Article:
20170311_174436(0)  yuletide log

And here are the steps for making the yuletide log.

  1. separate 4 eggs
  2. beat egg whites with sugar
  3. whisk egg yolks with vanilla
  4. gently incorporate yolks into beaten egg whites
  5. mix flour/salt/corn starch together
  6. sprinkle flour mix on top of egg mix and fold
  7. bake, let cool and frost.
  8. the frosting recipe is secret (but has a lot of butter!)

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So I (Alex) was in charge of the rest of dinner (dessert was pretty amazing, I have to say:) but my lamb was pretty good too!


For the rack of lamb, I (Alex) first made a simple marinade of chopped garlic, rosemary, thyme, salt and pepper and olive oil.  I let the lamb marinade in that for 2 hours. Then I covered the bones with aluminum foil and cooked them at high heat (400 degrees) for about 10 minutes, and then 300 degrees for another 10 minutes.  Then I let them rest for 10 minutes.

20170311_175906   20170311_195535   rackoflamb

For the mashed potatoes, mom and I peeled a bunch of yukon gold potatoes, boiled them and then mashed them with LOTS of butter.  They were delicious!

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Finally for the roasted vegetables, I cleaned and quartered brussel sprouts and asparagus and drizzled them with olive oil and salt and pepper.  I roasted them before I cooked the lamb and then just heated them up again right before serving.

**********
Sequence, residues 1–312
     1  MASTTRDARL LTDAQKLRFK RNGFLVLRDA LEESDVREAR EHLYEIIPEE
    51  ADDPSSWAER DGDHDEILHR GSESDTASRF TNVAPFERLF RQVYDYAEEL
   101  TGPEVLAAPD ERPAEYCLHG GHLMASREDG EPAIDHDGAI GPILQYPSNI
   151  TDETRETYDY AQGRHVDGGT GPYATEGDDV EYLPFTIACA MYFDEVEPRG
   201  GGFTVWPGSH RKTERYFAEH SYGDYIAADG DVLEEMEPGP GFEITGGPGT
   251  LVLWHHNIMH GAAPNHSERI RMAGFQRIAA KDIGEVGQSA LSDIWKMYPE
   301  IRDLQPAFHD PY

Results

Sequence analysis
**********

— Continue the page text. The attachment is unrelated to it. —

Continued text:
20170311_191635  roastedveggies

Sunday, March 5, 2017: Dinner No.79: Kale Salad, Skirt Steak and Baked Potatoes
Mar 6th, 2017 by Katekoster

We cooked skirt steak again tonight because we are working on perfecting our spice rub for it.  (Last time we made it, we didn’t have paprika, which resulted in the rub being very salty).  This time we got it just right and it was delicious.  We also made a huge kale salad (with almonds, pecorino cheese and a mustard dijon dressing).  Then on the side we had baked potatoes and green peas.  For dessert, home-made oatmeal raising cookies.  It was a simple, but delicious meal.

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For the skirt steak, always check the steak to make sure there’s not clear membrane on it; if there is try to remove it.  Then we let is marinade in a dry rub for at least 2 hours.

Our dry rub marinade is as follows: 1/4 cup garlic powder, 1/4 cup onion powder, 1/4 cup paprika, and 2 teaspoons table salt.  If you want it a little more spice, add 2 tablespoons of ancho chile powder.  Rub in into both sides of the steak, cover with plastic and let sit for 2-4 hours.  Cook steaks on high heat 2-3 minutes per side.


The salad is also pretty easy but you do have to chop a lot: the kale is better if its chopped up pretty small, and then you have to chop the almonds up and grate the cheese.  You can also add shredded brussel sprouts but we didn’t have any.  Just make sure your knives are sharp.